Brothers of the Head (18)

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The Independent Culture

Fake documentaries are usually a way of producing a comedy on the cheap, but Brothers Of The Head makes altogether stranger, more unsettling use of the form. It's a gothic tragedy of conjoined twins, connected at the chest, who grow up in near-isolation on the Norfolk coast. When they're aged 18, in 1974, they're discovered by a Svengali who sees little distance between the Victorian freak show and the Seventies rock concert. He installs the siblings in a country manor, where they're trained by his minions to be the frontmen of a punk band called The Bang Bang. And you thought Liam and Noel had problems.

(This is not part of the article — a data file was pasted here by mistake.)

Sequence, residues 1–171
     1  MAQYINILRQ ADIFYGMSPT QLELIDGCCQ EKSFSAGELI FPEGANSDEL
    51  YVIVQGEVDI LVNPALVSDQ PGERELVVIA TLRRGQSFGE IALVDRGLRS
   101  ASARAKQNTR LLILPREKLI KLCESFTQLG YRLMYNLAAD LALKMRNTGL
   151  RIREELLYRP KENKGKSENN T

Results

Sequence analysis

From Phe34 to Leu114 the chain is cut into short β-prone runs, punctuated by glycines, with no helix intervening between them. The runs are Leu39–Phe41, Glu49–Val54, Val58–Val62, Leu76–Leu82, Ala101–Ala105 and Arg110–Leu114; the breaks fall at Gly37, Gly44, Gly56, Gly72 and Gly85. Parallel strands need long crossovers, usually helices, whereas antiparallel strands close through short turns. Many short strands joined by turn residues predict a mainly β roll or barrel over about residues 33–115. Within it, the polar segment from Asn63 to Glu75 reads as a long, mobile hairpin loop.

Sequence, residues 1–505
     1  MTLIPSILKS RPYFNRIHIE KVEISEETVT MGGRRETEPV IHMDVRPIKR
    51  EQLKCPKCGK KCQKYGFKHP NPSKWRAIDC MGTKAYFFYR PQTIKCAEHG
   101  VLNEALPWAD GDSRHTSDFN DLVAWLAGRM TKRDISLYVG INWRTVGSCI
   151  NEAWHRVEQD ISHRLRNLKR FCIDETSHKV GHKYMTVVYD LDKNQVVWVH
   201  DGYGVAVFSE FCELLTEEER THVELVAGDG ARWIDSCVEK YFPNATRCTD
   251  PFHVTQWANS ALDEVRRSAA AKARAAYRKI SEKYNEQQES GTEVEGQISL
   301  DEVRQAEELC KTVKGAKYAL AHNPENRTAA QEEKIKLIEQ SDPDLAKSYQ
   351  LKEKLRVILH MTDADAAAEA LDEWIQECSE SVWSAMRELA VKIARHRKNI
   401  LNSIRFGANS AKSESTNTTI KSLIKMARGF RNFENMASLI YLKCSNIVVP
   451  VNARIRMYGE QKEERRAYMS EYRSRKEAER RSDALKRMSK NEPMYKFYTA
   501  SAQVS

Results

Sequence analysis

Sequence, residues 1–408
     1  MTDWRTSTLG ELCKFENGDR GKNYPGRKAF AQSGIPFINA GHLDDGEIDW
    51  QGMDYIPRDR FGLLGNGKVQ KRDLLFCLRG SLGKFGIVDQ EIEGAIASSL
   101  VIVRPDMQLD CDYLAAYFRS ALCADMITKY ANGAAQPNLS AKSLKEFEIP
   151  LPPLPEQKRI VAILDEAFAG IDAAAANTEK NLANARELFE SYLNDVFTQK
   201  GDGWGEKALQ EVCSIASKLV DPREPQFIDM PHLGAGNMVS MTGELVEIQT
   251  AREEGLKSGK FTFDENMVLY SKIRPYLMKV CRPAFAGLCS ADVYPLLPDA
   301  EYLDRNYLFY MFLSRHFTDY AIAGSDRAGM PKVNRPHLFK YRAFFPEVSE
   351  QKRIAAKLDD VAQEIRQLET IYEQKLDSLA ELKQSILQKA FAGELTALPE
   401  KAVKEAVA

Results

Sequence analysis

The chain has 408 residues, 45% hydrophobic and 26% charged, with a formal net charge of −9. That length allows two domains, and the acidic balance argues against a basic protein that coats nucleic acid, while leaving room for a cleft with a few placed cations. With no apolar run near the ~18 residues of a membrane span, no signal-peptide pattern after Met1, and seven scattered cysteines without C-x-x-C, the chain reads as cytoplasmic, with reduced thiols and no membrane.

Adapted from Brian Aldiss's novella, the film is a nightmarish riff on the key relationship in rock'n'roll history: the one between the singer and the guitarist - sometimes brothers biologically, sometimes only spiritually - who can't live with each other and can't live without each other. Luke and Harry Treadaway, two real-life twins, are eerily perfect in the central roles. And, indeed, the entire film is such a believable time-warp that you might go home afterwards and check your record collection, just in case there's a Bang Bang single in there somewhere.

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